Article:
This sounds fairly simple, but it's only half the truth, the reason being that all payments are routed through YapStone, or Vacation Rent Payment. This causes additional fees of up to 4.5% per booking for hosts with subscriptions, or a total of up to 10% for the commission based model, depending on where your guest is from (international credit cards cost you 2% more.)
HomeAway gained popularity with travelers because there was no additional cost to book a home. But in 2016, this changed, and led to quite an uproar: The introduction of the so-called service fee led to a huge pushback from both owners and guests, and even resulted in a class action law suit. The service fee started on a sliding scale of 4-9%, but currently can reach 12% or more, as disgruntled owners and guests report.
How Much Does TripAdvisor Charge Guests and Hosts?
Listing on FlipKey, which is owned by TripAdvisor, will cost hosts a flat 3% commission per booking, regardless of the total booking price or origin of the guest.
And to make up for their low host fee, guest end up paying some hefty fees: Guests pay from 8-16% of the total booking price, which makes TripAdvisor the most expensive vacation rental site to book a property on out of the 4 we're looking at.
How Much Does Booking.com Charge Guests and Hosts?
Last but by no means least, the simplest one of all: Booking.com. (Read about what we think of Booking.com.) There's no fees for travelers, and a flat commission for hosts. In the US, this commission is 15%, with the option of paying up to 20% for “Preferred Partner” status and higher ranking in search results. In Europe, the standard fee is a bit lower at 12%.
Notable is the fact that the commission is only based on the amount charged for the actual rental, and not on the total paid (e.g. including cleaning fees) like with some of the others platforms.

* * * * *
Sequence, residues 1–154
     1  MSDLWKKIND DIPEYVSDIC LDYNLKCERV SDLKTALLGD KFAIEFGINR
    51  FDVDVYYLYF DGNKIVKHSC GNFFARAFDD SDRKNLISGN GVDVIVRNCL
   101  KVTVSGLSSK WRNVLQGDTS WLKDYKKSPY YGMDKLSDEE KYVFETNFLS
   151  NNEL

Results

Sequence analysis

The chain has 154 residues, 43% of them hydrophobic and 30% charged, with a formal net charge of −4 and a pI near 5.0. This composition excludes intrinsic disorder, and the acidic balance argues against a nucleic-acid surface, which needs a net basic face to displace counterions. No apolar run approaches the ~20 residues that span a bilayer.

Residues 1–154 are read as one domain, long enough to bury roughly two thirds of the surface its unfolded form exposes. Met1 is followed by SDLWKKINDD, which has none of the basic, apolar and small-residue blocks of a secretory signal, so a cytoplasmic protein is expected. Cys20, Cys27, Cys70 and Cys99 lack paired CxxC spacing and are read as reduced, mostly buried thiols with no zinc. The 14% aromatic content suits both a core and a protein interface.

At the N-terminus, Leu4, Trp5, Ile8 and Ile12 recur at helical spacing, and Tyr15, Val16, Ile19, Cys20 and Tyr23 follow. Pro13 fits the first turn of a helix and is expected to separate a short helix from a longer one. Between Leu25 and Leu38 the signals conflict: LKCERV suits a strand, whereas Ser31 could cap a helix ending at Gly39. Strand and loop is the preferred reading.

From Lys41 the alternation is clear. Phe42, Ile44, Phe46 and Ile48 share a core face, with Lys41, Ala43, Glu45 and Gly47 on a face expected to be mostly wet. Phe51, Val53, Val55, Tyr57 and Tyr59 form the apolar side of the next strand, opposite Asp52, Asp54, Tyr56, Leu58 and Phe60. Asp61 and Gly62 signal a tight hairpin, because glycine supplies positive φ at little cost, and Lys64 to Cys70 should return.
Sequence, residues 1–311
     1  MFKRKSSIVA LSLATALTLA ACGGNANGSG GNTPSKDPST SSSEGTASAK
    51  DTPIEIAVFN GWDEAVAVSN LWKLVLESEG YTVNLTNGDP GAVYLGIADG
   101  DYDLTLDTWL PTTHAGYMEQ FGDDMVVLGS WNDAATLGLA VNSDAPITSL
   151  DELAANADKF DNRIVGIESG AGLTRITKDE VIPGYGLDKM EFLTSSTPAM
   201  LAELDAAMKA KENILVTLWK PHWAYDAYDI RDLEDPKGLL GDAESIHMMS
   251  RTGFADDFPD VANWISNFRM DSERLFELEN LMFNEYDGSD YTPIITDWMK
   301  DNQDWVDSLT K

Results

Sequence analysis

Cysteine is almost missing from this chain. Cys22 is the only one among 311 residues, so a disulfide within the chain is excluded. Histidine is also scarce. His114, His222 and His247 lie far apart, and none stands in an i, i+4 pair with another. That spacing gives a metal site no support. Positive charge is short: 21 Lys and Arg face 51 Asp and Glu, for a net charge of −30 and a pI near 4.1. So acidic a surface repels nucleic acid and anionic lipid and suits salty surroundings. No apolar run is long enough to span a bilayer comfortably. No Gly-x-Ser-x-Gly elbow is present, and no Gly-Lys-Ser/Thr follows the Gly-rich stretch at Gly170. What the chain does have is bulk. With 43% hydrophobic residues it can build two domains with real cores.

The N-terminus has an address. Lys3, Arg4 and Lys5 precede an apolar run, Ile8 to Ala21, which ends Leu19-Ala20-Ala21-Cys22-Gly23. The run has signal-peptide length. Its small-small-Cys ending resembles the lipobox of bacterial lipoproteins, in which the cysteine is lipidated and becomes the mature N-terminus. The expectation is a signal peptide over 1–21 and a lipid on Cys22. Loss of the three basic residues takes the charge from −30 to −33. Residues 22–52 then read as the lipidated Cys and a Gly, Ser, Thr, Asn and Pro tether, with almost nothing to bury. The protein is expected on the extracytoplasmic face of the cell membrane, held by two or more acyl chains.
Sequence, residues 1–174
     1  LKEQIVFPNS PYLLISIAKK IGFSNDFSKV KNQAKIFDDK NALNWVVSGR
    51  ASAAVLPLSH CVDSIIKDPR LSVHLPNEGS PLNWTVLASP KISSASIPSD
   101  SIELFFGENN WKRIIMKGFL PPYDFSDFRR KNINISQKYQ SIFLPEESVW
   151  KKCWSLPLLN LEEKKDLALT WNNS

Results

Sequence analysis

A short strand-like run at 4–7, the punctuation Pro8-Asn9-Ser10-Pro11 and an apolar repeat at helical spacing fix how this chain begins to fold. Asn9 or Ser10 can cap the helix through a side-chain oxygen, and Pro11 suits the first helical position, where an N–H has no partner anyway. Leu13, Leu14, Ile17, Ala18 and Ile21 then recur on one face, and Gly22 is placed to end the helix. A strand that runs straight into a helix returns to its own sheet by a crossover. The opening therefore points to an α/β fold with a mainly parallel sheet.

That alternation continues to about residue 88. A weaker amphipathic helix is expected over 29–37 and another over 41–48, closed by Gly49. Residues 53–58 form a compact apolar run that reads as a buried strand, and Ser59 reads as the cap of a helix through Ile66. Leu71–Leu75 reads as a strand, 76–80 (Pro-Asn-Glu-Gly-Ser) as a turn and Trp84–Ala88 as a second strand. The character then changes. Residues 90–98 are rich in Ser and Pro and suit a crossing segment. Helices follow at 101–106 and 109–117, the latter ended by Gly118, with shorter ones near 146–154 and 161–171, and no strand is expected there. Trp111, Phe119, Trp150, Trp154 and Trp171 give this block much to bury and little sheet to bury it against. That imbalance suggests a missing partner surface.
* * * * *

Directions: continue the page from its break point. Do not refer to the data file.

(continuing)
As a logical conclusion, those higher host fees should lead to higher prices on Booking.com for identical properties than on other platforms. Booking.com tries to prevent this by enforcing price parity, but that’s a slippery slope which is in fact becoming illegal in more and more places.
Now that we've taken a look at 4 of the most used vacation rental sites, it's time to answer the big question.
How Much Does Airbnb Charge Guests Vs. Their Competition?
From the guest side, there isn’t that much of a difference between Airbnb, HomeAway and TripAdvisor. They all charge somewhere in between 5-15% of the total booking price. On the other hand, Booking.com is free for travelers, but this advantage is often times nullified by a higher listing price to offset the high commission for the host.
For hosts, Airbnb and TripAdvisor are clearly more interesting than HomeAway and Booking.com. A flat 3% fee is more preferable over the complex host fees of HomeAway – and multiple times cheaper than what Booking.com charges their hosts.
A fun fact to end with: We often see a roughly 10-12% higher price for properties on Booking.com vs other platforms. It looks an awful lot like owners are simply making up for the difference between 3% and 15% by adding that amount to the price per night – which essentially makes it a travelers fee.
So it turns out the fees of the 4 most used vacation rental sites are roughly the same in the end after all.
Note: If you're a host you should also consider the taxes and other expenses you may have to pay in addition to the fees mentioned here.